How to get to Tenjin Underground City: Tenjin Station (Kuko line) or Tenjin-minami Station (Nanakuma-line)
YATAI (FOOD STALLS)
I’m sure you get the pattern by now. That’s right, after shopping, it’s back to eating!
Yatai is a special characteristic of Fukuoka, and there are many small clusters of food stalls dotting the city, but we went to the one where the most stalls were gathered, which is in the Tenjin area. By the way, by “most”, I mean around 8 stalls (just in case you’re like me and expecting like 30 stalls).
The stalls are set up right by Naka River, exactly where the second picture in this post was taken.
The queues are all organic, with no signboards or anything. So if unsure, just ask.
We picked a stall that had a lot of mentaiko (marinated roe of pollock aka fish eggs la) dishes, because Fukuoka is famous for mentaiko!
I reckon that this place will be a liiiitle challenging for people who don’t know Japanese, but hey, that’s another adventure in itself, right?
We had a supermarket just below the hotel, so we popped in on the way back. Supermarkets are one of my favorite places to shop! You can pick up lots of local stuff without the markup because of the fancy packaging.
One of the things to try in Fukuoka is surely…
あまおう Amaou strawberries are a Fukuoka speciality and is generally more expensive than other species of strawberries. I didn’t buy any fresh strawberries (did you see how much I ate above?!) but I got myself a jar of Amaou strawberry jam! It’s also the only thing I bought in Fukuoka lol.
p.s.: Tubes of condensed milk are sold alongside strawberries because in Japan, they like to eat them together! It might be a strange idea, but I think the flavors work together quite nicely!
We literally just ate and shopped the entire day, but it was tiring enough! #firstworldproblems Plus, we both slept only about 3 hours the night before, so we were absolutely ready for bed!
As is my usual practice, I like to seek out interesting accommodations while traveling, and this time round we have… an airline-themed compact hotel!
The concept of the hotel is that the rooms are inspired by the first class cabins on flights.
Definitely an interesting stay, and I’ll be doing a full post on it!
I decided that we had to at least visit ONE non-shopping and non-eating place
to prove that we are cultured and not just city pigs interested in only eating and shopping so the next morning, we crawled out of bed before check-out and headed to Sumiyoshi Shrine. I knew Carys couldn’t care less whether we went or not, but that’s what BFFs are for – dragging around for company hehe.
There are more than 2,000 Sumiyoshi shrines in Japan, but this one in Fukuoka is believed to be the first. THE FIRST! That’s a huge piece of history we visited!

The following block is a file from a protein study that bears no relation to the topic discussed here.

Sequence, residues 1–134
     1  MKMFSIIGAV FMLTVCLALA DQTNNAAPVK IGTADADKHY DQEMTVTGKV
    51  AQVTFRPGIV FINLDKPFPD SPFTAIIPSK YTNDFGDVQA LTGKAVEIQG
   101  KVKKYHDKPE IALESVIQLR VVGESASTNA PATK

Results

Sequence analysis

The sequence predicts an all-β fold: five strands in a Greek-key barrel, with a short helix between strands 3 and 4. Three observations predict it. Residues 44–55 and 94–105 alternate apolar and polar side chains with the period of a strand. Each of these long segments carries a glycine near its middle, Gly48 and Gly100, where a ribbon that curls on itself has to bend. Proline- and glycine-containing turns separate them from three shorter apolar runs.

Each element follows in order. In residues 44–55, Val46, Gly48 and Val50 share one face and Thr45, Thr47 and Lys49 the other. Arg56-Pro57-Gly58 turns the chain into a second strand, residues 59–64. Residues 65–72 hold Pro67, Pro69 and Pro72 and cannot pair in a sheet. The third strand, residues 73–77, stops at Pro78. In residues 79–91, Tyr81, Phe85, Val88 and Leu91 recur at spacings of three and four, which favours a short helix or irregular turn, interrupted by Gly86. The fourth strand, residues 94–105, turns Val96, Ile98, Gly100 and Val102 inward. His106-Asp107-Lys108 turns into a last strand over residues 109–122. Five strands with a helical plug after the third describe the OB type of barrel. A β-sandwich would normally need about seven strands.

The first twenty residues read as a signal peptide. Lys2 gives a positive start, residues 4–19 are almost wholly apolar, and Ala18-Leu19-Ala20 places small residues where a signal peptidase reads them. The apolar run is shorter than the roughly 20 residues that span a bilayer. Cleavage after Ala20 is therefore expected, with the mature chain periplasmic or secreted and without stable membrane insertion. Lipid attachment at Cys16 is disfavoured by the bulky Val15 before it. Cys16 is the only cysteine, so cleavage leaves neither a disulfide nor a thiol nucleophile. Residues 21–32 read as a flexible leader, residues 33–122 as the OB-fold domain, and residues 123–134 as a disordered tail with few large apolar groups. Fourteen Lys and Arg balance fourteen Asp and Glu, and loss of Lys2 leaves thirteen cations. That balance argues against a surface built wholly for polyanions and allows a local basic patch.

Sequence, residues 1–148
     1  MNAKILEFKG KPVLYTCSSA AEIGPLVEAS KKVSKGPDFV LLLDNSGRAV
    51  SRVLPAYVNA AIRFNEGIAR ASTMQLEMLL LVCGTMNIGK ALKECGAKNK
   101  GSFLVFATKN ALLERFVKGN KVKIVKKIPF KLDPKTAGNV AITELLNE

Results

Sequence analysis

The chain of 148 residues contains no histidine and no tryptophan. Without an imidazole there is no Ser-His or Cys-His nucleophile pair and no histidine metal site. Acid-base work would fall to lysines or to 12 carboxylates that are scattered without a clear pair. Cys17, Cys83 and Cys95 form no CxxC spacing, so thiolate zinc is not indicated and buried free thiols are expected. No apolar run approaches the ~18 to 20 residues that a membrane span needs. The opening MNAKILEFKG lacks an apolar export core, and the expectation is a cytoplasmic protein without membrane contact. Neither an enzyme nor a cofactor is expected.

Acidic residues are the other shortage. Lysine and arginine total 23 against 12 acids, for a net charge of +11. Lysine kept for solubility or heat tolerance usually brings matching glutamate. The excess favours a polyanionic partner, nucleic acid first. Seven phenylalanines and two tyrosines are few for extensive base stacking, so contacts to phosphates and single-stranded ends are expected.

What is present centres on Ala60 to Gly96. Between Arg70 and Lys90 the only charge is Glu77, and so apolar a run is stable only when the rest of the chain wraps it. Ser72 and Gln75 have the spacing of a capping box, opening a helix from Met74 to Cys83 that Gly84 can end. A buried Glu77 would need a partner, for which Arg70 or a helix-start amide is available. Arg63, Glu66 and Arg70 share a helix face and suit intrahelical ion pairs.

There are also several “power spots” in the shrine, for example, this one:
Can you see that his palm has the character 「力」? It stands for strength and it’s believed that if you touch his palms, you’ll be blessed with the energy.
After the shrine, we grabbed breakfast at a conbini (convenient store) and for the first time ever, I heard the staff ask if we wanted to heat up the onigiri (rice ball) we bought.
I have eaten onigiris for YEARS and never have I heard about heating up onigiris. NEVER! I think it’s a Kyushu thing, because they also asked in Nagasaki and Kumamoto. It was a welcome change because a warm onigiri is so nice on a cold day!
ONWARD TO NAGASAKI!
We planned to take the bus from Fukuoka directly to Nagasaki, and rushed to find the bus terminal (it was on the 3rd floor of some building!) because it was the last bus of the day. As luck would have it, there was only one seat left -_-
Our only choice left was to take the train.
There is a ticket package called 二枚切符 ni mai kippu (pack of two tickets) where tickets are heavily discounted. The fare is usually 3,360 yen per person, but with the ni mai kippu, we paid only 5,040 yen for two! That’s a 840 yen savings per person!
Note: The tickets are free seating. For reserved seating (meaning you are assigned a seat), there is an extra charge of about 500 yen per person. We would have gotten reserved seats, except they were all sold out, so we had to go fight for the free seating seats.
Yep, that’s Fukuoka in 24 hours! (What do you mean all we did was eat and shop? That’s mostly what the city is about!) Our main aim was just to get a feel of the city, not to explore it in absolute thoroughness, so I think we did good! But just in case you are spending more time in Fukuoka, this page might help.